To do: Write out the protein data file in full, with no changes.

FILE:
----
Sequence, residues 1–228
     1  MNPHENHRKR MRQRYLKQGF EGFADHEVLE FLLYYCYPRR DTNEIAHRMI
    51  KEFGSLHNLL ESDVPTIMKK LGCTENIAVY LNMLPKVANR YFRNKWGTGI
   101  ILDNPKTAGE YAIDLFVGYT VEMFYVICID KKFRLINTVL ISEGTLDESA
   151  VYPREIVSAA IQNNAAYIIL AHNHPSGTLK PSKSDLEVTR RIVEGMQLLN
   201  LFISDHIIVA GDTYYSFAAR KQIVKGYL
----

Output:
Sequence, residues 1–228
     1  MNPHENHRKR MRQRYLKQGF EGFADHEVLE FLLYYCYPRR DTNEIAHRMI
    51  KEFGSLHNLL ESDVPTIMKK LGCTENIAVY LNMLPKVANR YFRNKWGTGI
   101  ILDNPKTAGE YAIDLFVGYT VEMFYVICID KKFRLINTVL ISEGTLDESA
   151  VYPREIVSAA IQNNAAYIIL AHNHPSGTLK PSKSDLEVTR RIVEGMQLLN
   201  LFISDHIIVA GDTYYSFAAR KQIVKGYL